The trends exhibited by reproductive variables demonstrate that H. acerba reproduces seasonally on the lower west coast, with ovaries maturing progressively between July and December and oviposition occurring between January and March. The characteristics of H. acerba on the south coast differed in the following ways from those on the lower west coast. (i) No ovigerous females and only two females with egg remnants were caught. (ii) Ovaries did not develop late yolk granule oocytes until females had reached a larger size. (iii) Investment in gonadal development was less. These results strongly suggest that conditions on the south coast are not as conducive for ovarian development and reproduction and indicate that females migrate from the south to lower west coast for spawning. In contrast to H. acerba, C. bicolor reproduces throughout much or all of the year on the lower west coast, presumably reflecting its occupancy of far deeper waters where environmental conditions vary less during the year. Although the mean weights of ovigerous females of H. acerba and C. bicolor were not significantly different (p > 0.05), the mean fecundity of the former species (356,210) was significantly greater (p < 0.001) than that of the latter species (192,070). The relatively high fecundity of H. acerba may reflect adaptations by this species to optimise egg production during its relatively short breeding season.
The size at onset of sexual maturity (SOM) of the females of crustacean species, which is often used by fisheries managers for developing management plans for such species, is typically estimated using logistic regression analysis of the proportions of mature females in sequential size classes. The validity of this approach depends on the composition of the samples reflecting accurately that present in the environment. However, catches obtained by traps, a passive fishing method, typically contain disproportionately greater numbers of large crabs, whereas those obtained using active fishing methods, such as seine netting and otter trawling, will presumably represent far better the size composition of the population. Since H. acerba and C. bicolor could be caught in numbers only by using traps, comparisons between the influence of passive and active fishing methods were explored using the extensive data previously collected for Portunus pelagicus employing different sampling methods (de Lestang et al. 2003a,b). These data are analysed in order to demonstrate that the females of P. pelagicus caught by trapping were predominantly mature, whereas those obtained by seining and trawling contained numerous immature as well as mature females. The samples of females collected by trap are, therefore, clearly biased towards mature crabs. Consequently, for any size class, it would be predicted that the proportion of mature females in trap catches will be overestimated, thus shifting the logistic curve fitted to the proportions of mature crabs at each size to the left, and thereby yielding an underestimate of the SOM. This conclusion is substantiated by the fact that the carapace width of female P. pelagicus, at which 50% of individuals reach maturity (SOM50), was estimated to be markedly greater when using the proportion of mature females obtained by seine-netting and otter trawling collectively, i.e. 101.1 mm, than by trapping, i.e. 86.1 mm. From the above data for P. pelagicus, it is considered likely that, through a greater vulnerability of mature females of these species to capture by traps, the respective SOM50s derived for female H. acerba and C. bicolor from trap samples (i.e. carapace lengths of 69.7 and 90.5 mm) will represent considerable underestimates of the true SOM50s.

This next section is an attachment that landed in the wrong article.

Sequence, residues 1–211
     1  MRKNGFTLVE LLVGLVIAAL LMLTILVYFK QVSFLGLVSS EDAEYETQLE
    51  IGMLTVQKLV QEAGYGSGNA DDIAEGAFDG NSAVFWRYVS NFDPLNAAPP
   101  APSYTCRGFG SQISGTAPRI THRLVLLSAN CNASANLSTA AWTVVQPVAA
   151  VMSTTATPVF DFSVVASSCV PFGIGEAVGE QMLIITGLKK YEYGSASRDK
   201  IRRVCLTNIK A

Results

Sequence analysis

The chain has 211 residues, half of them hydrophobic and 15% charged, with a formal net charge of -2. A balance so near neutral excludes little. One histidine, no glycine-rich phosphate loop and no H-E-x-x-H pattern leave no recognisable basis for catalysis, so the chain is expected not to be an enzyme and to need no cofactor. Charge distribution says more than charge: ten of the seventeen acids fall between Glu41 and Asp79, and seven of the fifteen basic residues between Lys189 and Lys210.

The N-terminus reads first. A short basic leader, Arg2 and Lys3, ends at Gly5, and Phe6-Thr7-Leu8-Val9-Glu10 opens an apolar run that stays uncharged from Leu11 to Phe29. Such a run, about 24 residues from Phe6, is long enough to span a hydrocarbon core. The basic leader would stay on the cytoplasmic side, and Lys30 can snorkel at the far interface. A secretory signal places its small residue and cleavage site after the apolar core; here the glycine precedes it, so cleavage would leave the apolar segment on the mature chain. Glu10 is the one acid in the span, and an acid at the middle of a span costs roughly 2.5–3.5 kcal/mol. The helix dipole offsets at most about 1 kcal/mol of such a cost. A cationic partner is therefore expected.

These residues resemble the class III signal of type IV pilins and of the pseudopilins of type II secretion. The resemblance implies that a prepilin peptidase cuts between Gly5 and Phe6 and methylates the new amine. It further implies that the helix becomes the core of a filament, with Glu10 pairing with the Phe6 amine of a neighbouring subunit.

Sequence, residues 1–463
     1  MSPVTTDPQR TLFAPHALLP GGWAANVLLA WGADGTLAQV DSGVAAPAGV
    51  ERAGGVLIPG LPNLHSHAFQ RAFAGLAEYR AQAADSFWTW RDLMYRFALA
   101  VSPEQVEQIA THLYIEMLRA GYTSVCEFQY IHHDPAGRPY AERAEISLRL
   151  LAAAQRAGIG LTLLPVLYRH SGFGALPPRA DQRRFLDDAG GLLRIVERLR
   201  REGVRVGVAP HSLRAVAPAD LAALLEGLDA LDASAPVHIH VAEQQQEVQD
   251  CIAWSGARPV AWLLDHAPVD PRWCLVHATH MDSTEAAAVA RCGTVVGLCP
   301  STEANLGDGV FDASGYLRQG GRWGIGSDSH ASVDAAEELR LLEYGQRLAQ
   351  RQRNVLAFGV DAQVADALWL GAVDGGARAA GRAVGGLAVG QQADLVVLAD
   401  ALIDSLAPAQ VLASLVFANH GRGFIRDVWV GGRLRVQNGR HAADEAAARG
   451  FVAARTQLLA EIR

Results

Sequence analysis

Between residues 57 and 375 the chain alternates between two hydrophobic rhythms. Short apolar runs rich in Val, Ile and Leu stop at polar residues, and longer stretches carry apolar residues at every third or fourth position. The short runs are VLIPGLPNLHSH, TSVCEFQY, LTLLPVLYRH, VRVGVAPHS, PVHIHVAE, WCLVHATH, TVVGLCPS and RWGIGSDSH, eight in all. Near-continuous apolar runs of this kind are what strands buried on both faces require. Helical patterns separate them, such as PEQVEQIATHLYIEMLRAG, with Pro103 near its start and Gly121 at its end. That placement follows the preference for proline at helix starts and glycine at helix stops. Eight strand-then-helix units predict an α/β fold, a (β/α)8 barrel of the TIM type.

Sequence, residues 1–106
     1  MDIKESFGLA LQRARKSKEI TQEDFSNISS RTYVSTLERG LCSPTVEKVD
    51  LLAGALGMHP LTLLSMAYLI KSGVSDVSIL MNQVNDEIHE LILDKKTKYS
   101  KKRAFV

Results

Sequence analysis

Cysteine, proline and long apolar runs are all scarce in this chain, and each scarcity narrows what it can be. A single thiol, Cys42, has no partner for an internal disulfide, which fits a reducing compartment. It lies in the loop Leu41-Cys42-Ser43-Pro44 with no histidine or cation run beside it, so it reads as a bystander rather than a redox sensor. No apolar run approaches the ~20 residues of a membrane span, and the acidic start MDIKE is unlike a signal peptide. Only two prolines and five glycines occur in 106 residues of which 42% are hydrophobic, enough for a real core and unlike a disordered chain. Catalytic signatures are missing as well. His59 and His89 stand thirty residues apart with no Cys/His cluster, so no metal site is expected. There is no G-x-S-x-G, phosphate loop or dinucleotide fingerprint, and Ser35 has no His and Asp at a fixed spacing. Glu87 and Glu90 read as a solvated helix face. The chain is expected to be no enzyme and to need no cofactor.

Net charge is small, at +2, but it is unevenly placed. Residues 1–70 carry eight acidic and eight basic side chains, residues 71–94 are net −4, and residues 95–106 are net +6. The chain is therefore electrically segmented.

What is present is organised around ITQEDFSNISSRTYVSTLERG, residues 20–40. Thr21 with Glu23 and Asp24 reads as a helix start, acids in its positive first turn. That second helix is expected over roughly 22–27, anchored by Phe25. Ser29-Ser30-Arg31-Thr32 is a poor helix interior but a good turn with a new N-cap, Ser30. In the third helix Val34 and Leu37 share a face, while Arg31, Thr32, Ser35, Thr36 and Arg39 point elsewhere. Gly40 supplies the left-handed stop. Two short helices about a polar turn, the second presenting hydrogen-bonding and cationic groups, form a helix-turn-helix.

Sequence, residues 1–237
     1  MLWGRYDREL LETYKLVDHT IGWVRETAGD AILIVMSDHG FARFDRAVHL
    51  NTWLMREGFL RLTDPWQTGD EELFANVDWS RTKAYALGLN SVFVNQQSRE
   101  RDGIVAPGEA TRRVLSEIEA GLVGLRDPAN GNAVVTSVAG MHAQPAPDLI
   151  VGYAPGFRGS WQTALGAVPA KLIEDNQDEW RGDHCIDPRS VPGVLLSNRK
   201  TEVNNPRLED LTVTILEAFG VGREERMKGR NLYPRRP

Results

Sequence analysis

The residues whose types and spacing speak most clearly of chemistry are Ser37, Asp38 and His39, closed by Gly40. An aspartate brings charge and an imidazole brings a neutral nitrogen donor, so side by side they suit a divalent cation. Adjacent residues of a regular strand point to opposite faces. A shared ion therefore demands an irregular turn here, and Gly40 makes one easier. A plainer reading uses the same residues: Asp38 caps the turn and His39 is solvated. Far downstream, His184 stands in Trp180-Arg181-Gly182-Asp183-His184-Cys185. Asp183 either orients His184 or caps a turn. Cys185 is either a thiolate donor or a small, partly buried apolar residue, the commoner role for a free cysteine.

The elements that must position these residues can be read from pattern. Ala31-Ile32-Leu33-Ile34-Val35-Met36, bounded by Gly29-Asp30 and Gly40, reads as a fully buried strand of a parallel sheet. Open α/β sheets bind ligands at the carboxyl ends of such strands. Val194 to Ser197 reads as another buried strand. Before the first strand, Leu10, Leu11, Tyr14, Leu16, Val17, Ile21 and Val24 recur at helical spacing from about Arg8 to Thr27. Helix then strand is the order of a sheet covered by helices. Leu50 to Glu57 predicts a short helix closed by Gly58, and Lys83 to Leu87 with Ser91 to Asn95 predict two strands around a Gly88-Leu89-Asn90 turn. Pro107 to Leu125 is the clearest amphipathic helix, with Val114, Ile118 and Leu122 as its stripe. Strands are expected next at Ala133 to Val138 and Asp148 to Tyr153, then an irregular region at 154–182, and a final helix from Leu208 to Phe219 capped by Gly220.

Many workers have assumed that the chelae of male crabs undergo a change in allometry at the pubertal moult and that this could thus be used as the basis for determining the size of those crabs at morphometric maturity. Since initial plots of the logarithms of propodus length and carapace width (CW) of the males of P. pelagicus and carapace length (CL) of the males of H. acerba and C. bicolor revealed no conspicuous change in allometry, the question of whether the chelae of these species undergo such an allometric change was explored statistically. The Akaike and Bayesian Information Criteria were thus used to ascertain whether a linear, quadratic, broken stick or overlapping-lines model best represented the above logarithmic size data. Since the broken stick model provided the best fit for P. pelagicus, the chelae of this species does undergo allometric change. This occurred at 80.0 mm CW, which is ~ 8 mm less than the CW at physiological maturity. In contrast, my analyses provided no evidence that the chelae of either H. acerba or C. bicolor exhibited an inflection and thus morphometric maturity could not be determined for these two species from chela length. Thus, mangers will have to use the SOM50 for physiological maturity, which was estimated to be 68.1 and 94.3 mm CL for H. acerba and C. bicolor, respectively.
|Publication Type:||Thesis (PhD)|
|Murdoch Affiliation:||School of Biological Sciences and Biotechnology|